‘Please stop waiting for a map. We reward those who draw maps, not those who follow them.’
Reading Seth Godin’s excellent book, ‘Poke the Box’ this week gave me a wee jolt, one I had not been expecting. I always find his work thought –provoking, even inspiring, but this one hit home on many levels. I read books like this with one eye on my personal life and one on my teaching life. I like to think that I can always push myself onto a new level, can enjoy myself on a more satisfying level ; but I also want to improve as a teacher, an educator, a colleague and a professional.
With this in mind, Godin’s book led me to some interesting thoughts about the current journey towards the Curriculum for Excellence in Scotland. Godin’s main thrust is that the biggest block to progress is a reticence to ‘do’ things while spending too much time preparing, discussing, chin scratching. As he says: ‘Whether polishing a piece of furniture or an idea, the benefits diminish quickly. The polishing turns into stalling.’
I began to think of the times I’ve spent on Working Groups, Teacher Learning Communities and others such bodies. All well- intentioned, some fantastic in terms of collaboration if not product , or product if not collaboration. Some relatively pointless. Familiar tale?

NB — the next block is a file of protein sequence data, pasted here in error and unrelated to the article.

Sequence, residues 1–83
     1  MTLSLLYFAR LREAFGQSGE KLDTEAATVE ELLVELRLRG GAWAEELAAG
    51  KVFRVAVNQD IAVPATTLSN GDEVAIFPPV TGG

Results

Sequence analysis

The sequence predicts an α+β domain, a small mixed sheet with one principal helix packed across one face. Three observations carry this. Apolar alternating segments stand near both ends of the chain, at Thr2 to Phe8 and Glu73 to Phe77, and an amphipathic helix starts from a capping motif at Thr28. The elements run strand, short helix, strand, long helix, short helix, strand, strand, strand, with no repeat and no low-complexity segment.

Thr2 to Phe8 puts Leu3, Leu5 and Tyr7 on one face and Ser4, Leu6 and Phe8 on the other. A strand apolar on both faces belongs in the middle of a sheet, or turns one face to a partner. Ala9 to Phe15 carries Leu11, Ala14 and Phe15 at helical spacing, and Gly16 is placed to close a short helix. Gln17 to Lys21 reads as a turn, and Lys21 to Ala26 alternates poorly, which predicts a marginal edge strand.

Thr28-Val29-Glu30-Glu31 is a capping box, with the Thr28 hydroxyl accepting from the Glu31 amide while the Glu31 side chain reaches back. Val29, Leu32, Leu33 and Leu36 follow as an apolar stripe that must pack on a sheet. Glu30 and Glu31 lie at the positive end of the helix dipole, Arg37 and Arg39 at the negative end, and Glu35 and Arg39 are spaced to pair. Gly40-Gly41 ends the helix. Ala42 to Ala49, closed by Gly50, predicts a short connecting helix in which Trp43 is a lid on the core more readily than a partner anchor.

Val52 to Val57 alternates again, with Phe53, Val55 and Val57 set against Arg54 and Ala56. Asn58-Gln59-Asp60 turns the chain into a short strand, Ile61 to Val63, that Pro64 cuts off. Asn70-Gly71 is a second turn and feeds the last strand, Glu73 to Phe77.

Godin discusses in detail the effects of this lack of action in large organisations. Without moving forward you don’t stand still, you go backwards. If management block or fail to encourage progress and creativity then it becomes all the more difficult for these organisations to move and react to large necessary changes.
Could this be one of the real problems with the less than smooth transition to Curriculum for Excellence? Could it be argued that teachers have been discouraged from thinking freely and acting creatively for so long that the profession finds it difficult to suddenly be ‘given’ so much freedom? Have we been pinned back so much that we simply cannot, as a collective body, ‘poke the box’?
It seems that we have been discussing the implications of the Curriculum for Excellence for years. Our cupboards have some lovely looking folders filled with some beautifully produced documents. We have unpacked outcomes alone and with colleagues. We have, perhaps, created new units of work, cross-curricular on occasion. And there are some wonderful things going on out there. However, as a profession, is it time we all stopped the discussion and started as Godin says, ‘taking the initiative to do work you decide is worth doing’?
A final quotation for ‘Poke the Box’ sums it perfectly. He recalls Scott Fitzgerald’s line from Jay Gatsby, attempting to impress the already lost Daisy.
“What would be the use of doing great things if I could have a better time telling her what I was going to do?”
And we all remember what happened to him, don’t we?